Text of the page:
March Agency MBS Update

Monthly Commentary

April 04, 2018

The slow and steady widening of agency MBS spreads that has characterized 2018 thus far continued throughout March. Interest rates ticked up sharply in the first six weeks of the year, causing the duration of the Bloomberg Barclays MBS Index to extend. Relative and absolute valuations struggled across January and February as a result. The impetus for further weakness in agency MBS was different as the calendar flipped to March. After having reached their highest levels since 2014, 30 year mortgage rates halted their increase as yields on 10 year U.S. Treasuries fell across the month. While seemingly a positive development for the agency MBS basis, pressure on risk assets and volatility simmering just beneath the surface kept agency MBS valuations in check yet again. A slightly more hawkish than expected FOMC meeting, in which the Fed hiked interest rates as expected, did nothing to stem the tide. The continued unwinding of historically supportive monetary policy continues to be a negative for agency MBS, with the mortgage pools on the balance sheet set to slowly run off over the next few years. The tepidly negative reaction by mortgages to a relatively benign interest rate picture suggests that the lack of significant interest rate volatility might not be enough to hold in relative agency MBS valuations in the current market environment. In aggregate, the Bloomberg Barclays MBS Index posted excess returns of negative 14 basis points (bps) in April, sending year-todate excess performance to negative 39 bps, with year-to-date absolute total returns recovering slightly to end the quarter at negative 1.19% overall.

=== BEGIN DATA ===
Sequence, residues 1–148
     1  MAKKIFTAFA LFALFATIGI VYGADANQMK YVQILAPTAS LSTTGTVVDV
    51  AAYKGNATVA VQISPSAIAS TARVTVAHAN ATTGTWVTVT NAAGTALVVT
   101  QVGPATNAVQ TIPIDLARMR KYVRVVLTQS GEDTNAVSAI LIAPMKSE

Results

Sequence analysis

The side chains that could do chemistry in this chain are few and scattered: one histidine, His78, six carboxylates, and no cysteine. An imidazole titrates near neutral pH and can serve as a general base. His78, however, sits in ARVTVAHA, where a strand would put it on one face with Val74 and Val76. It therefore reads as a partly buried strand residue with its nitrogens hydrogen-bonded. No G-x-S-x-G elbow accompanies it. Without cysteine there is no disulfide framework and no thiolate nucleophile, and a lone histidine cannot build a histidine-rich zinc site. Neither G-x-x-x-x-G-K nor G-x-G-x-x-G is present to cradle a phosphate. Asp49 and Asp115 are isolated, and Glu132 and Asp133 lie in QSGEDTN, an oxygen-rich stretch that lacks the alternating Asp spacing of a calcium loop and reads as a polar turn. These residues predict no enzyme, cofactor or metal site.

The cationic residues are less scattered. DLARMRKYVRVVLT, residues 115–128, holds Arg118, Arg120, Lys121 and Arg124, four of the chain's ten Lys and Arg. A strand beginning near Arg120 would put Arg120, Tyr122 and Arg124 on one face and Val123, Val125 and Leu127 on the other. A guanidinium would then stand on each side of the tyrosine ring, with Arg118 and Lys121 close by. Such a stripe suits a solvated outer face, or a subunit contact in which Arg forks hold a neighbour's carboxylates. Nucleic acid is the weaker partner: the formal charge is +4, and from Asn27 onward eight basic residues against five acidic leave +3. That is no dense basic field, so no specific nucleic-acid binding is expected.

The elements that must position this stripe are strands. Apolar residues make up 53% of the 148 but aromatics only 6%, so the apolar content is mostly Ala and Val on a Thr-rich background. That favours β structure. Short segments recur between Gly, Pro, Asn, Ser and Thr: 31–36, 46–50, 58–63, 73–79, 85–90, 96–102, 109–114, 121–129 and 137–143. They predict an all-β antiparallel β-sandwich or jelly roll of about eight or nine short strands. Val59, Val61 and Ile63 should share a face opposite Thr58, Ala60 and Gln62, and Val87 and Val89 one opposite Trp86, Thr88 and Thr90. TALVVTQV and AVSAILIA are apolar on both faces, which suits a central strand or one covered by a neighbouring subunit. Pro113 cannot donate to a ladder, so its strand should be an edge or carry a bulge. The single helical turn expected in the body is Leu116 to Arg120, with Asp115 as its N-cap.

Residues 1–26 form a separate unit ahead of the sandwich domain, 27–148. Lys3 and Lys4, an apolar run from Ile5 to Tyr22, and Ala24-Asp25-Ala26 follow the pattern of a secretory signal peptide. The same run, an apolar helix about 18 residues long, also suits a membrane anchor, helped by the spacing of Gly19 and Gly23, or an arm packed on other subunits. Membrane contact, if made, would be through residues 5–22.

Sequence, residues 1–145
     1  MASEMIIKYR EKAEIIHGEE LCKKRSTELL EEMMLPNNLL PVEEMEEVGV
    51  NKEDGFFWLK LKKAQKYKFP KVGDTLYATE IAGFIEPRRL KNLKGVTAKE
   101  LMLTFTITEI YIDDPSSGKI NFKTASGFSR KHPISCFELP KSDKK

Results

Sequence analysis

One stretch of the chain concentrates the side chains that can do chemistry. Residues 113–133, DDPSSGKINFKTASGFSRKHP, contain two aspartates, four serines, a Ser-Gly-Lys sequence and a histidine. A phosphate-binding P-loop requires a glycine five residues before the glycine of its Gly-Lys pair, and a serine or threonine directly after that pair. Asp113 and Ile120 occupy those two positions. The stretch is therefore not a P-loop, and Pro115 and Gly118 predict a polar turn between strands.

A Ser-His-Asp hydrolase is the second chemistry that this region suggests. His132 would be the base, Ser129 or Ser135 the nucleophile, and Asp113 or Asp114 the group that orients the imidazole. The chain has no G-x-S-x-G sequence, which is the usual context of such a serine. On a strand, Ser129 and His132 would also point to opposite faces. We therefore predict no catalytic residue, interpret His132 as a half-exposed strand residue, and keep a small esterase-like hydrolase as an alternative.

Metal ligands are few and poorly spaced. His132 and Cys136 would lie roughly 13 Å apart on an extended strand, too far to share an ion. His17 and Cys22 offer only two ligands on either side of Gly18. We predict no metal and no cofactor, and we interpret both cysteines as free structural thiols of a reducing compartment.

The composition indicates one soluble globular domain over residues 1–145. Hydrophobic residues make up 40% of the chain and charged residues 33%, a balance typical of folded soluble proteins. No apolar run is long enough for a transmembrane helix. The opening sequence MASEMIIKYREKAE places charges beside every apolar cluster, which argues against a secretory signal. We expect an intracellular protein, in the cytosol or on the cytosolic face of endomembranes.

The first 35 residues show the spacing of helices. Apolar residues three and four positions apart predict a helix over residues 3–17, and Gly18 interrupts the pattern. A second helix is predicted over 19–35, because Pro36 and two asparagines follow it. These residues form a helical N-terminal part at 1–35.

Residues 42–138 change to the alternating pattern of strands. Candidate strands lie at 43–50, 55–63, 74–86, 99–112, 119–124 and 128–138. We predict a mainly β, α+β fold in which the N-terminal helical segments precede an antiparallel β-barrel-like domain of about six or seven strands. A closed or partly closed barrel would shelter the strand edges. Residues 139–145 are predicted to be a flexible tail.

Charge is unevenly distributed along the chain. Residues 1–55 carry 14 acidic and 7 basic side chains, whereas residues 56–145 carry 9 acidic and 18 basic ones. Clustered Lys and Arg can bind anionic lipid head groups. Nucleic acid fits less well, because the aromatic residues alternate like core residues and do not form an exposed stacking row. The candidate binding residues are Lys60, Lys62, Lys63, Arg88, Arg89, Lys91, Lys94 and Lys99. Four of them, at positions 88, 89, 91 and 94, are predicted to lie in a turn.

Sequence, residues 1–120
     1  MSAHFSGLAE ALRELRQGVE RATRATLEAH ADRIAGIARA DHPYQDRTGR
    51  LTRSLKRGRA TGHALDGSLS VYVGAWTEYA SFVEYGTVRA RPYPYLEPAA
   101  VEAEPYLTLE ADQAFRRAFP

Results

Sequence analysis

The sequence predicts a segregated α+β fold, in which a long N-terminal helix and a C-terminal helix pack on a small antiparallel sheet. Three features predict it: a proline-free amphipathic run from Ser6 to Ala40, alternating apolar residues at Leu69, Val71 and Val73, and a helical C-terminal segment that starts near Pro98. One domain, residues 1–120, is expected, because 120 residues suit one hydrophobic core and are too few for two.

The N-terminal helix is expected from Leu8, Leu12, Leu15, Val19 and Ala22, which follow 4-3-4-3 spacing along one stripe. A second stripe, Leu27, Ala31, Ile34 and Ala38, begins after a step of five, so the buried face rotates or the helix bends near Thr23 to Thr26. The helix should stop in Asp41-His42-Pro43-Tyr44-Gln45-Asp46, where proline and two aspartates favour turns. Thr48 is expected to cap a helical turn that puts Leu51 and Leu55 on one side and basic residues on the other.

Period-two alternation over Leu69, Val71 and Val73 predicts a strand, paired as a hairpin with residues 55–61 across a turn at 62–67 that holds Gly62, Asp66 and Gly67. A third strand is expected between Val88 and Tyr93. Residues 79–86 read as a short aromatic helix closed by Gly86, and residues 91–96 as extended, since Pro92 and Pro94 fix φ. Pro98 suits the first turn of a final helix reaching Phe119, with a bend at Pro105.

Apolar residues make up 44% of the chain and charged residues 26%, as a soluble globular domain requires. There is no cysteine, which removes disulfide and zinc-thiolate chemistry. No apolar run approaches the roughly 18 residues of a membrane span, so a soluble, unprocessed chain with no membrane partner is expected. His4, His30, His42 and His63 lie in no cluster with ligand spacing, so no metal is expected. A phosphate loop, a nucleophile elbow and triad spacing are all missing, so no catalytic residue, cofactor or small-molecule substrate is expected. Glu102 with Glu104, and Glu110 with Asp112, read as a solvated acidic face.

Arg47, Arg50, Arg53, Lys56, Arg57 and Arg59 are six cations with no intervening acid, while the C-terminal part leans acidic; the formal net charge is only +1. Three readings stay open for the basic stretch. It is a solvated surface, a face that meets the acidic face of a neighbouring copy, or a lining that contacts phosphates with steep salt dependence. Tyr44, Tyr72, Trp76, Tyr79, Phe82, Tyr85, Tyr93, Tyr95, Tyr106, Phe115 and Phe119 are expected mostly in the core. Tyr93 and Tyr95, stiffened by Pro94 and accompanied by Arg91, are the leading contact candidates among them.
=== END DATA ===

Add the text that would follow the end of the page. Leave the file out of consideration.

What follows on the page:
Performance within the agency MBS coupon stack was largely what one would expect from a quiet month punctuated by a flatter yield curve and lower U.S. Treasury yields. In Fannie Mae 30 year (FNCL) collateral, lower coupons slightly outperformed their higher coupon counterparts. FNCL 3 posted excess returns of -9 bps relative to benchmark U.S. Treasuries, while FNCL 4s and 4.5s came in at -22 bps and -29 bps, respectively. Lower coupons rode the back of a flatter yield curve and a rally in longterm rates, enabling higher coupons to outperform on a relative basis for the first time in 2018. The fact that lower coupons still underperformed U.S. Treasuries on a relative basis despite conditions that were conducive to success suggests investors remain wary of longer duration MBS assets and potential extension risk. Ginnie Mae performance was largely in line with FNCL collateral in March, as the sharp swings in performance between conventional and Ginnie Mae MBS that have characterized much of the last six months did not materialize. Ginnie Mae 30 year (G2SF) 3.5s underperformed by 12 bps while 4s came in at -34 bps on the month. Headlines were minimal in higher coupon G2SF, but the market continues to search for further regulatory relief from the scourge of extremely fast speeds due to aggressive refinance activity. Finally, TBA rolls struggled as March wore on, as a sharp uptick in short-term credit rates such as the London Interbank Offered Rate (LIBOR) dragged on TBA valuations across the coupon stack. While the exact cause of the short-term financing rate increase are numerous and not simply related to the Fed hike, fluctuations in LIBOR give investors another reason to be wary of TBA rolls.